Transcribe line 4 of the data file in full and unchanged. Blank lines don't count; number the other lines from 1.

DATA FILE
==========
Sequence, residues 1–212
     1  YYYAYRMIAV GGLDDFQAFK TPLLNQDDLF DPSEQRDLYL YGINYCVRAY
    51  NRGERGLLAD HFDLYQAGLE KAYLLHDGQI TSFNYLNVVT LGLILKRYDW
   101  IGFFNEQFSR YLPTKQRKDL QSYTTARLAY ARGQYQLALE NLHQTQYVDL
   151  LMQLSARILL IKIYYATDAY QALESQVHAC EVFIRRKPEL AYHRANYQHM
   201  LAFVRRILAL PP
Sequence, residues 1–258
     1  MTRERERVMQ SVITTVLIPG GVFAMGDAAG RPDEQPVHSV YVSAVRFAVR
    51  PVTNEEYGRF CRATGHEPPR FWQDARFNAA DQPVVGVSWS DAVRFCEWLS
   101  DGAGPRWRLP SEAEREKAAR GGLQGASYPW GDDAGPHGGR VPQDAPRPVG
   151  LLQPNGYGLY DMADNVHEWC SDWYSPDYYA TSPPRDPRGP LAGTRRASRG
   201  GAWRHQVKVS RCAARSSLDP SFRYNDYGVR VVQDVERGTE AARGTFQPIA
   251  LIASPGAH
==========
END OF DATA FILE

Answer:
   101  IGFFNEQFSR YLPTKQRKDL QSYTTARLAY ARGQYQLALE NLHQTQYVDL